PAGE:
Student and Family Support (SFS)

Social and Emotional Learning in Massachusetts

Social and Emotional Learning News Headlines
06/15/2022 Webpage outlining mental and behavioral health supports from the Office of Student and Family Support
08/12/2021Thriving Minds: a series of learning opportunities that offer educators guidance and support on building comprehensive school mental health systems that address the holistic needs of students.
08/05/2021Promoting Student Engagement, Learning, Wellbeing and Safety — School Year 2021-2022 (Released Summer 2021)
07/02/2020 Sign-up to receive the DESE Holistic support and enrichment, SEL, health and safety newsletter and/or information about
opportunities to strengthen comprehensive school mental health efforts
07/02/2020 MA Mental and Behavioral Health COVID-19 Related Resources
06/02/2020 Comprehensive School Mental Health Learning Network
05/29/2020MA Tools for Schools COVID-19 Resources

This website is an introduction to Social and Emotional Learning in Massachusetts Public Schools. The Department commonly uses the Collaborative for Academic, Social, and Emotional Learning (CASEL's), definition of Social and Emotional Learning (SEL): SEL is the process of developing students' and adults' social and emotional competencies-the knowledge, skills, attitudes, and behaviors that individuals need to make successful choices. There are a range of other definitions for Social and Emotional Learning that are also viable.

Social Emotional Learning is a key part of one of the Department's five strategic priorities : Supporting social-emotional learning, health, and safety (also known as the "heart" strategy). Strengthening social and emotional competencies in students and adults also helps further all four themes in the Commissioner's Our Way Forward 2019 report to the Board: Deeper Learning for All; Holistic Support & Enrichment; Innovation & Evidence-Based Practice; and State as a Partner.

Several years ago (2016), the Board of Elementary and Secondary Education (BESE) held a special meeting on Social and Emotional Learning to provide an opportunity for members to hear a number of key ideas, information, and examples from experts in research, policy, and practice, and have the opportunity to discuss the topic of SEL.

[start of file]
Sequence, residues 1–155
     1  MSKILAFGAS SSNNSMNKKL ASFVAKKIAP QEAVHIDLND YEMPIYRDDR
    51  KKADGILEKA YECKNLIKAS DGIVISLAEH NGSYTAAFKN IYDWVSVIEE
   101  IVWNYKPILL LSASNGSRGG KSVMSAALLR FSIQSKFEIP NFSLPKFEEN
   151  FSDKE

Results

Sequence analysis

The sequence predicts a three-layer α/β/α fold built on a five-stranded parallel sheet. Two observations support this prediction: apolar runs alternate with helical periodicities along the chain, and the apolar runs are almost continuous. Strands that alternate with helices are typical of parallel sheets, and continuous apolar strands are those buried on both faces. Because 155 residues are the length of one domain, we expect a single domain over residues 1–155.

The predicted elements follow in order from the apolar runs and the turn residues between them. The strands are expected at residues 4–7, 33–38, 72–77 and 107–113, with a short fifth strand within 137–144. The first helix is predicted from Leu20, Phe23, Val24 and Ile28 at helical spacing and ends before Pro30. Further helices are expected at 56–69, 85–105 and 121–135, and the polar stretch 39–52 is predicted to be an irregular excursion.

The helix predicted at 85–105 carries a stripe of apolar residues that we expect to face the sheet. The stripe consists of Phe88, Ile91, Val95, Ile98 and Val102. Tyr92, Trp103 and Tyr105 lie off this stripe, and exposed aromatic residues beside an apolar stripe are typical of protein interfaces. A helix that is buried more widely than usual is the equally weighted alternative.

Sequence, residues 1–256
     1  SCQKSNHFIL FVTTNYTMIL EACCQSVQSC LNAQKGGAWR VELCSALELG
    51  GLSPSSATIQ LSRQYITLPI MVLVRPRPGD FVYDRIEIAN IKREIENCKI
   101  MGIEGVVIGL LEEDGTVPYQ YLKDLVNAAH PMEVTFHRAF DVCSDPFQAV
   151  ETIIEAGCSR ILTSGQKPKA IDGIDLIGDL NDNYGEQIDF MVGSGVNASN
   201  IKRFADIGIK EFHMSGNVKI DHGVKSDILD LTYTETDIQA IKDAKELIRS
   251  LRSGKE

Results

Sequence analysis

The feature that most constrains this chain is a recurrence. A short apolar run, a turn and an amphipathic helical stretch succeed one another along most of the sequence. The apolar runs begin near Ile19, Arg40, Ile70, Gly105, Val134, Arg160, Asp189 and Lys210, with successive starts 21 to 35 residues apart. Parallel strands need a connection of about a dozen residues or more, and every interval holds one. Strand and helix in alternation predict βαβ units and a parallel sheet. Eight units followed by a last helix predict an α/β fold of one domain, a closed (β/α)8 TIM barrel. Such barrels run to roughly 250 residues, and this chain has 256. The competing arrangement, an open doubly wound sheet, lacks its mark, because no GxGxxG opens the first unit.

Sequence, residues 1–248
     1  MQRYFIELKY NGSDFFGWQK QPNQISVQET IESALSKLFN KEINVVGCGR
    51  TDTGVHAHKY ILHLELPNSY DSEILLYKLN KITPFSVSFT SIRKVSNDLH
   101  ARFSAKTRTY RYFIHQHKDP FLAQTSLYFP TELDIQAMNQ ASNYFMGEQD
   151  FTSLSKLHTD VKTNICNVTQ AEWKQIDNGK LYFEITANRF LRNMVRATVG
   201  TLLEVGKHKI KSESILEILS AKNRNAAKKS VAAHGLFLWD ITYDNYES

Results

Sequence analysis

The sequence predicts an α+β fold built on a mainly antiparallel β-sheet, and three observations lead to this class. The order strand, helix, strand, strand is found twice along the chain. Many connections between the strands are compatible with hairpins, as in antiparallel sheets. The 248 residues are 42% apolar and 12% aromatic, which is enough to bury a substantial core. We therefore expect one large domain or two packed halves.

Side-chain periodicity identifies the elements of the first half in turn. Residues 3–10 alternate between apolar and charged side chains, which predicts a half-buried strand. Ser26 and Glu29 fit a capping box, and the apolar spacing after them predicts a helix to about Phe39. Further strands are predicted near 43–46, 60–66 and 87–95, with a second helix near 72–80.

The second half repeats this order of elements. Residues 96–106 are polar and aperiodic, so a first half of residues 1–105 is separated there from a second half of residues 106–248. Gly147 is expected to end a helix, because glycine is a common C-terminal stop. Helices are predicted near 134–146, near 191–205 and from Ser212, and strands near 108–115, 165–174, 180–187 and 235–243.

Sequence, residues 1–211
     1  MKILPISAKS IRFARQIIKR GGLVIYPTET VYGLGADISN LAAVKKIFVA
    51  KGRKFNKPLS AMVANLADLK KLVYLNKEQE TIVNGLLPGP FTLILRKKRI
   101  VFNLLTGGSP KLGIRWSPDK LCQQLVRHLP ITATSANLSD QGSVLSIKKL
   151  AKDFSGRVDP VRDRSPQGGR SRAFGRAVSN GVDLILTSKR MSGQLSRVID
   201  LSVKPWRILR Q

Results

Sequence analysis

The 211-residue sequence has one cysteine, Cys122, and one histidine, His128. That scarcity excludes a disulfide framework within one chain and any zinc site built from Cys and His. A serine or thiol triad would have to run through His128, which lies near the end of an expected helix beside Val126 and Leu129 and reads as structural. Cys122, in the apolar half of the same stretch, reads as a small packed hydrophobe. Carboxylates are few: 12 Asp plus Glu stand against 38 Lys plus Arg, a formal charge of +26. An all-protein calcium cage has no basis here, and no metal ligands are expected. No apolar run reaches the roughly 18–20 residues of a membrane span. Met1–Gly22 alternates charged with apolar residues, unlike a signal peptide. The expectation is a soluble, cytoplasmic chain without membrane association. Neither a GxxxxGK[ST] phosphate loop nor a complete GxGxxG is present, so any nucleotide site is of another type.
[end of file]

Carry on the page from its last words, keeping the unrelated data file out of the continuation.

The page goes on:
This website includes information about the following topics. For more information about any of these resources, email

SEL website sections

SEL Definitions and Approaches

SEL & Equity

This country has a long and devastating history, perpetual struggle, and continued experience with institutional racism against Black, Indigenous and People of Color (BIPOC); and this is compounded by additional forms of oppression and inequity (often intersecting) based on ethnicity, national origin, religion, gender identity, sexual orientation, and more. In order to work towards disrupting inequities and building equitable schools and educational institutions, it is imperative for all working in education to proactively engage in professional development and collaborative learning around issues of equity, including racial equity; culturally responsive and sustaining practices; and Social and Emotional Learning.

Strengthening students' and adults' social-emotional competencies can provide an opportunity to acknowledge and buffer trauma experienced by multiple forms of oppression and systemic inequities; strengthen a sense of positive self-worth and social awareness in connection to race, color, sex, gender identity, religion, national origin, and sexual orientation; and contribute towards dismantling systemic racism and other forms of inequity. With this in mind, educators can continually learn about goals, interests, and experiences of students and their families, and support the development of social-emotional competencies, including sharing examples and illustrations, that are congruent with the social and cultural experiences of their students. In addition to contributing to academic success, SEL programs can also support the development of students' sense of autonomy, agency, and social justice.

As CASEL notes, Transformative SEL can be a process whereby young people and adults build strong, respectful, and lasting relationships that facilitate co-learning to critically examine root causes of inequity, and to develop collaborative solutions that lead to personal, community and societal well-being.

The importance of a culturally responsive approach to SEL has been a recurrent theme in conversations with Massachusetts educators and with colleagues across the country. Department staff had heard the caution that SEL instruction that is not culturally responsive can risk perpetuating or exacerbating current inequities and becoming a source of acculturative stress for students who are not members of the dominant group. On a more optimistic note, Massachusetts educators have described the power of leveraging a culturally responsive SEL pedagogy to better engage and strengthen skills with students from all backgrounds, and to more effectively work together to dismantle racism and other forms of systemic inequities. In response to this theme, the Department offers guidance and reflective tools found in Culturally Responsive Social-Emotional Competency Development . We are deeply grateful to our educators across Massachusetts, and the country, whose contributions were instrumental to the development of this guidance document.

Last Updated: June 17, 2022

Contact Us

Massachusetts Department of Elementary and Secondary Education
75 Pleasant Street, Malden, MA 02148-4906

Voice: (781) 338-3000
TTY: (800) 439-2370


Disclaimer: A reference in this website to any specific commercial products, processes, or services, or the use of any trade, firm, or corporation name is for the information and convenience of the public and does not constitute endorsement or recommendation by the Massachusetts Department of Elementary and Secondary Education.